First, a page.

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Edmonton Public Schools to consider hiking bus fees after UCP budget results in funding shortfall

EPSB to consider hiking school bus fees after UCP budget results in funding shortfall
WATCH ABOVE: Trisha Estabrooks, chair of Edmonton Public Schools, and NDP MLA Sarah Hoffman talk about a report recommending the EPSB consider raising fees for school transportation to address a funding shortfall.

Edmonton Public Schools trustees are expected to discuss proposed increases to school bus fees next week, and a recommendation report cites the elimination of a funding grant in October’s provincial budget as being the reason for the proposal.

“I guess the board of trustees had some time to wrap our heads around this possibility given the funding shortfall that we have as a result of the provincial budget,” Trisha Estabrooks, chair of EPSB, said on Friday.

“I don’t feel great any time we have to pass fees, or increase fees to families, but unfortunately we are in this position. And so this is something that will be considered.”

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After the Alberta government eliminated the School Fee Reduction grant, the recommendation report says the EPSB now has $5.3 million less money available for student transportation.

The grant was introduced by the previous NDP government in 2017 to offset costs that would be incurred when that government “removed the ability for school boards to charge transportation fees for some students.”

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The report says the school board has worked to find efficiencies in spending and that it had predicted a funding gap of $2.4 million for the 2019-2020 school year, but that the elimination of the fee reduction grant saw that funding gap rise to $7.7 million.

As a result, the EPSB is proposing the implementation of higher fees, which would take effect on Feb. 1, 2020.

The proposal involves introducing a new yellow bus fee of $260 annually for students in Kindergarten to Grade 6, and of $515 annually for students in grades 7 to 12.

Fees for students riding Edmonton Transit Service buses to their designated schools would also rise from $190 annually to $515 annually.

Estabrooks said the reason school bus fee hikes are being considered is partly because the EPSB does not want to make cuts to classrooms mid-school year in order to address the post-budget funding shortfall.

READ MORE: Calgary Board of Education to cut 300 temporary teachers amid $32M shortfall

“I hope that parents understand that we are in a tough position and that this is something that we are seriously considering,” she said.

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“If this passes and a parent is concerned, I’d encourage them to reach out to their trustee.”

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NDP MLA Sarah Hoffman, education critic for the Official Opposition, said in a news release Friday that she places direct blame for the proposed new fees on the Kenney government’s spending priorities.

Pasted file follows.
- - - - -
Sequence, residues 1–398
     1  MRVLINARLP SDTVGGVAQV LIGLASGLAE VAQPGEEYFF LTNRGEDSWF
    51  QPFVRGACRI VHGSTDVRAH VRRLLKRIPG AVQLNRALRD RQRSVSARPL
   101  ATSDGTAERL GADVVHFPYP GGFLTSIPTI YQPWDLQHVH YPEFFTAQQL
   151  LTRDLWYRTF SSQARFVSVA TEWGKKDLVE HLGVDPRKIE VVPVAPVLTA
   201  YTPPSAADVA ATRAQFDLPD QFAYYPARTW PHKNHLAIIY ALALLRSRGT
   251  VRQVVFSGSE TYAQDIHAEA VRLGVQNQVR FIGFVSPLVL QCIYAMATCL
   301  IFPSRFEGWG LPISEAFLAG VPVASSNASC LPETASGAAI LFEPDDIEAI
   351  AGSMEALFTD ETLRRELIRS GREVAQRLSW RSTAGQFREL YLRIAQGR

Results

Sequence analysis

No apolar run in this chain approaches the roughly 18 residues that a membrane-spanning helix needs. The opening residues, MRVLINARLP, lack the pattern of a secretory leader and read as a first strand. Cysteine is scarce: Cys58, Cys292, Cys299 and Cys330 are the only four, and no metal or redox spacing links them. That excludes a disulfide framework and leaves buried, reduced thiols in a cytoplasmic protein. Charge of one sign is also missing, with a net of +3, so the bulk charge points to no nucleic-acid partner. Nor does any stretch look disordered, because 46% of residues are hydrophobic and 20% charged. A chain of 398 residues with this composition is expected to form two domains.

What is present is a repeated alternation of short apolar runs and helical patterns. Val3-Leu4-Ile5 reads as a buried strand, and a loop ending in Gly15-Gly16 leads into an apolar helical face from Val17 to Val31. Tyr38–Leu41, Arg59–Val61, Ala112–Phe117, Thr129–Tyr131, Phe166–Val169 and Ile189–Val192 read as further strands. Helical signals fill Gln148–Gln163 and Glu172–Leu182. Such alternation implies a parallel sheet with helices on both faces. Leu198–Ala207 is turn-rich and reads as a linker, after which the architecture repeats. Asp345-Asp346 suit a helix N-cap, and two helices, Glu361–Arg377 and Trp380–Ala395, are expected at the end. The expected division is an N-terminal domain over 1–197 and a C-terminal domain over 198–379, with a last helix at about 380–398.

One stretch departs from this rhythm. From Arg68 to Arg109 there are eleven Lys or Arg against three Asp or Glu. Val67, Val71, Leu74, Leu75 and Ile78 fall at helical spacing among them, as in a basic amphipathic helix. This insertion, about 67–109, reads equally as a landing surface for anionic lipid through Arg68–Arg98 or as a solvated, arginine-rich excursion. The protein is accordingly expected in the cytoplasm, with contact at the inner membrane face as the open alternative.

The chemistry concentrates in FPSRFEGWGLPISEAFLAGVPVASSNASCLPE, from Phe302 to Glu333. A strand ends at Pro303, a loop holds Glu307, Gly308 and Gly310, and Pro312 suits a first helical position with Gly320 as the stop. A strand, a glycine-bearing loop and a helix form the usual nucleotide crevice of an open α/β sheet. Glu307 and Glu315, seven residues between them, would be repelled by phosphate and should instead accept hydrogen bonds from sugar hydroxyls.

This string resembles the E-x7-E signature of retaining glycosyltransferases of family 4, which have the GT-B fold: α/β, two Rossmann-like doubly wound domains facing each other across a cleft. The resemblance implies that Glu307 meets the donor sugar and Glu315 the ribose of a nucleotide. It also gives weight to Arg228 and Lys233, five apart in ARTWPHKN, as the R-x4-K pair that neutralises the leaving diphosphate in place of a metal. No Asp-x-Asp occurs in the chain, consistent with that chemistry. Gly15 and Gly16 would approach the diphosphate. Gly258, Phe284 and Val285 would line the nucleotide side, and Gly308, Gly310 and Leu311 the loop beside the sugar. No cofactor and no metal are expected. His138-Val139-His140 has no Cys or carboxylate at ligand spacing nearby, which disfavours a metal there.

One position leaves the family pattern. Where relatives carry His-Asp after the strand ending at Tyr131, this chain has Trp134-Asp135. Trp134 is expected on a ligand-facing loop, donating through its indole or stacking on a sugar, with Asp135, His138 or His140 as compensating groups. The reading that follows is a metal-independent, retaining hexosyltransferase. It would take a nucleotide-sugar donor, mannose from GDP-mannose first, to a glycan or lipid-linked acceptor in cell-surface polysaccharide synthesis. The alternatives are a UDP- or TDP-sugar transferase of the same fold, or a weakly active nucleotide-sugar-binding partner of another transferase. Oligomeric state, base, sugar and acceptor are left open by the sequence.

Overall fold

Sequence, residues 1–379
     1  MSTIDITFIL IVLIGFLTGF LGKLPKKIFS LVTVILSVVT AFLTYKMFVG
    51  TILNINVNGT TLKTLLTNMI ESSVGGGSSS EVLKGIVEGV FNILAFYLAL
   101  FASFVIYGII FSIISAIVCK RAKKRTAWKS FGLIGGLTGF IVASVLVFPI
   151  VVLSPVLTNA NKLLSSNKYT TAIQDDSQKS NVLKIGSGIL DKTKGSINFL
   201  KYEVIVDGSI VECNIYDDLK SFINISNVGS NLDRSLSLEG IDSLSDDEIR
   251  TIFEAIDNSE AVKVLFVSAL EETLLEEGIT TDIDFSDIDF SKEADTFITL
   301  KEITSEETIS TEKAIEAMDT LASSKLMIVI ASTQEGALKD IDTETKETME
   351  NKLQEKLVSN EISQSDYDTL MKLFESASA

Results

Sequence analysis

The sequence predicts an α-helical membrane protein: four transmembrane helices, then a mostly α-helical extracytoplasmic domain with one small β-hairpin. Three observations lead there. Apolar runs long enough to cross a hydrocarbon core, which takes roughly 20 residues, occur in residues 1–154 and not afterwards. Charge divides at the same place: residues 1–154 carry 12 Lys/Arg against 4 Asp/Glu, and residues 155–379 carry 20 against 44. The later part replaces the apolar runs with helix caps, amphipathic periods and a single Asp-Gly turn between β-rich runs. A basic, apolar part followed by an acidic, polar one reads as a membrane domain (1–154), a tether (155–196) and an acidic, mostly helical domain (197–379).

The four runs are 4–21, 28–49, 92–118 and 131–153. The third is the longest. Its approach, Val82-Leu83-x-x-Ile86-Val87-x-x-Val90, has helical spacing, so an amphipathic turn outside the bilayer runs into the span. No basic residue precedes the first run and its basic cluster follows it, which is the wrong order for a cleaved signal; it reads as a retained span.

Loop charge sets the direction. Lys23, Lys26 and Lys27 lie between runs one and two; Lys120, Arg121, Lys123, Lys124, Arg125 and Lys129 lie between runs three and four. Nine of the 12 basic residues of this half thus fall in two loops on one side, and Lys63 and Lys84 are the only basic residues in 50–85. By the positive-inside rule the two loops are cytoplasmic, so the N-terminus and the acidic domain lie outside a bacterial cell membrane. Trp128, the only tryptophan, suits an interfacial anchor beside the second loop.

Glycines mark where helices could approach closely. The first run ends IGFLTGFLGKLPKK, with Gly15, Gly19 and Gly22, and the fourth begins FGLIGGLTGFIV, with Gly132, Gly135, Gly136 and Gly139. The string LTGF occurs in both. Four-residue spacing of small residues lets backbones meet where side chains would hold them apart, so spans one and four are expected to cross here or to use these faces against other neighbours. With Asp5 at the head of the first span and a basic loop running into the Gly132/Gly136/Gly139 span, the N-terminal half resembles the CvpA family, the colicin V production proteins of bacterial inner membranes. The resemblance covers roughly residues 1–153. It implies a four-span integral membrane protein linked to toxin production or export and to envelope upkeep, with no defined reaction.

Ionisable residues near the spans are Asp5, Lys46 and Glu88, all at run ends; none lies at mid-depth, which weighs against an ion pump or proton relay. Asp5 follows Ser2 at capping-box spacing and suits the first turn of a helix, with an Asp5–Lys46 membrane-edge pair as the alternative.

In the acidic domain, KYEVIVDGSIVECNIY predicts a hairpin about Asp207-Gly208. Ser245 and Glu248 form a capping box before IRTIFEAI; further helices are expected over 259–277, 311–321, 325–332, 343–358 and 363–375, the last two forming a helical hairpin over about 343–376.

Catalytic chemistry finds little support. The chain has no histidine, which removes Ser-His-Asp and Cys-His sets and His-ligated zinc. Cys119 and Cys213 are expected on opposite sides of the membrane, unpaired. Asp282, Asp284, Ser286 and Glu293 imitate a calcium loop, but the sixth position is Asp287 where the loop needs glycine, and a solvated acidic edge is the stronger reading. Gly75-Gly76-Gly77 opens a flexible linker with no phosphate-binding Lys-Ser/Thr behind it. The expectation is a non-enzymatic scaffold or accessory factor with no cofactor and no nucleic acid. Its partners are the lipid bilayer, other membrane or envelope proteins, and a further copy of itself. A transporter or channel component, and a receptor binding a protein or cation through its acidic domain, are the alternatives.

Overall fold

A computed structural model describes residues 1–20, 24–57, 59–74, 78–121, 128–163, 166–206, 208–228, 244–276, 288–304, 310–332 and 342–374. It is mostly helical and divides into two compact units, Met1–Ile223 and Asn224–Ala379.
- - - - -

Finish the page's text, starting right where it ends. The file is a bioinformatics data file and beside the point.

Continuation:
She called the potential for school bus fees “shameful” and questioned the UCP government’s claim that they have properly funded education.

Hoffman suggested she believes the UCP’s budget, which saw reductions in spending, was drawn up to ensure the government could pay for the corporate tax cuts it brought in.

READ MORE: Alberta rural school division pens letter over UCP education cuts

“Merry Christmas from Jason Kenney and his heartless UCP government,” Hoffman said.

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“Now, many parents will choose between putting presents under the Christmas tree or putting their kids on the bus to get to school.”

EPSB school trustees are expected to discuss the proposed new fees on Tuesday.

Colin Aitchison, press secretary for Education Minister Adriana LaGrange, issued a statement in response to Hoffman’s concerns about the potential new fees.

“As a former board chair, it is surprising that MLA Hoffman is speculating about a decision that Edmonton Public Schools has not even considered at a board meeting yet,” he wrote. “It is doubtful that MLA Hoffman would have appreciated opposition MLAs speculating about decisions that had yet to be made by EPSB while she was chairing the board.

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“We respect the autonomy of school boards in their day-to-day decision making. As always, trustees will be accountable to parents for any fee they choose to put in place.”

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READ MORE: Alberta education minister may force CBE to reverse teacher layoffs

Education minister may force CBE to reverse teacher layoffs
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Hoffman said she believes the provincial budget left the EPSB with little choice but to consider such hikes.

“They certainly feel like they’re between a rock and a hard place and I get why they’re doing this, but I feel really awful for the families [that may be affected].”

If the fee increases are approved, Estabrooks said she believes the families of about 10,000 to 11,000 students would be impacted.